LSAT October 1996 Section 4 Question 12 (Logical Reasoning)

FAJISTE
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LSAT October 1996 Section 4 Question 12 (Logical Reasoning)

Postby FAJISTE » Wed Jun 15, 2011 1:42 pm

12.

After several attempts to distract his young parrot from chewing on furniture, George reluctantly took an expert’s advice and gently hit the parrot’s beak whenever the bird started to chew furniture. The bird stopped chewing furniture, but it is now afraid of hands and will sometimes bite. Since chewing on the furniture would not have hurt the bird, George should not have hit it.

When Carla’s puppy escaped from her yard, it bounded into a busy street. Although Carla does not generally approve of physical discipline, she hit the puppy sharply with her hand. Now the puppy enters the street only when accompanied by Carla, so Carla was justified in disciplining the puppy.
Which one of the following principles, if established, would justify the judgments about George’s and Carla’s actions?

(A) When disciplining an animal physically, a trainer should use an object such as a rolled up newspaper to avoid making the animal frightened of hands.
(B) When training an animal, physical discipline should be used only when such discipline is necessary to correct behavior that could result in serious harm to the animal.
(C) Using physical discipline to train an animal is justified only when all alternative strategies for correcting undesirable behavior have failed.
(D) Physical discipline should not be used on immature animals.
(E) Physical discipline should not be used by an animal trainer except to correct persistent behavior problems.

--Now the correct answer listed is (B). The problem I have with that, however, lies in the first sentence of the passage on George. "Since chewing on the furniture would not have hurt the bird..." If it wouldn't have hurt the bird, how could (B) possibly be correct if the passage clearly indicates that it wouldn't have "result[ed] in serious harm to the animal?"

Thank you for your help in advance.

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sambeber
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Re: LSAT October 1996 Section 4 Question 12 (Logical Reasoning)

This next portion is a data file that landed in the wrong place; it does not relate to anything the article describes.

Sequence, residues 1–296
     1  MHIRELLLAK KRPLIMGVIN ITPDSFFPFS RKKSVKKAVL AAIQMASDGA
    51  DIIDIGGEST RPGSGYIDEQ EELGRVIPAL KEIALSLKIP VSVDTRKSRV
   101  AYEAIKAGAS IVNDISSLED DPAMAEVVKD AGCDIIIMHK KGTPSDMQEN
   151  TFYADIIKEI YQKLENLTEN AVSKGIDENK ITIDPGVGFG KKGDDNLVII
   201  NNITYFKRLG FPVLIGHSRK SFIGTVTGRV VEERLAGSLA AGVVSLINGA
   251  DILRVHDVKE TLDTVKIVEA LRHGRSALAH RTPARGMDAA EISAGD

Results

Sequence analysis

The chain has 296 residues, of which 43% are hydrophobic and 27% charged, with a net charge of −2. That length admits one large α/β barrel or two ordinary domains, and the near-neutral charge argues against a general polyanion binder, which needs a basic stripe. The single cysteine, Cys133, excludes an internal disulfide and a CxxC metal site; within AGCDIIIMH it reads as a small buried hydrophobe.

Postby sambeber » Wed Jun 15, 2011 1:44 pm

FAJISTE wrote:12.

After several attempts to distract his young parrot from chewing on furniture, George reluctantly took an expert’s advice and gently hit the parrot’s beak whenever the bird started to chew furniture. The bird stopped chewing furniture, but it is now afraid of hands and will sometimes bite. Since chewing on the furniture would not have hurt the bird, George should not have hit it.When Carla’s puppy escaped from her yard, it bounded into a busy street. Although Carla does not generally approve of physical discipline, she hit the puppy sharply with her hand. Now the puppy enters the street only when accompanied by Carla, so Carla was justified in disciplining the puppy.Which one of the following principles, if established, would justify the judgments about George’s and Carla’s actions?

(A) When disciplining an animal physically, a trainer should use an object such as a rolled up newspaper to avoid making the animal frightened of hands.
(B) When training an animal, physical discipline should be used only when such discipline is necessary to correct behavior that could result in serious harm to the animal.
(C) Using physical discipline to train an animal is justified only when all alternative strategies for correcting undesirable behavior have failed.
(D) Physical discipline should not be used on immature animals.
(E) Physical discipline should not be used by an animal trainer except to correct persistent behavior problems.

--Now the correct answer listed is (B). The problem I have with that, however, lies in the first sentence of the passage on George. "Since chewing on the furniture would not have hurt the bird..." If it wouldn't have hurt the bird, how could (B) possibly be correct?

Thank you for your help in advance.


Because of the differences in assessment of the propriety of the actions, as bolded above.

FAJISTE
Posts: 37
Joined: Sat Mar 12, 2011 8:04 pm

Re: LSAT October 1996 Section 4 Question 12 (Logical Reasoning)

Postby FAJISTE » Wed Jun 15, 2011 1:49 pm

Wow, okay now I get it. I thought the question asked to justify George and Carla's actions, not the judgments about their actions. Rookie LSAT mistake, I feel like a noob. :(

Edit: Thanks for clarifying that!

lelele
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Re: LSAT October 1996 Section 4 Question 12 (Logical Reasoning)

Postby lelele » Tue Jan 03, 2012 9:37 pm

I'm sorry i still don't really understand why B is right....
Can anyone explain it?

Thanks in advance!

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Elliott_Smith
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Re: LSAT October 1996 Section 4 Question 12 (Logical Reasoning)

Postby Elliott_Smith » Wed Jan 04, 2012 2:53 am

The key is this part:

"when such discipline is necessary to correct behavior that could result in serious harm to the animal."

In the first scenario, biting the furniture is harmless, so the discipline was unjustified. In the second scenario, crossing the street carries the potential of a dog getting hit by a car.

Hope that helps!

Edit:

You can also do this one through elimination:

A) is irrelevant, there isn't anything about types of discipline
C) does't address the content - the passage focuses on justification of the same type of discipline, not different alternatives
D) Nothing in the passage about maturity
E) Ignores that the passage justifies correcting behavior through discipline in the second scenario, but not the first.




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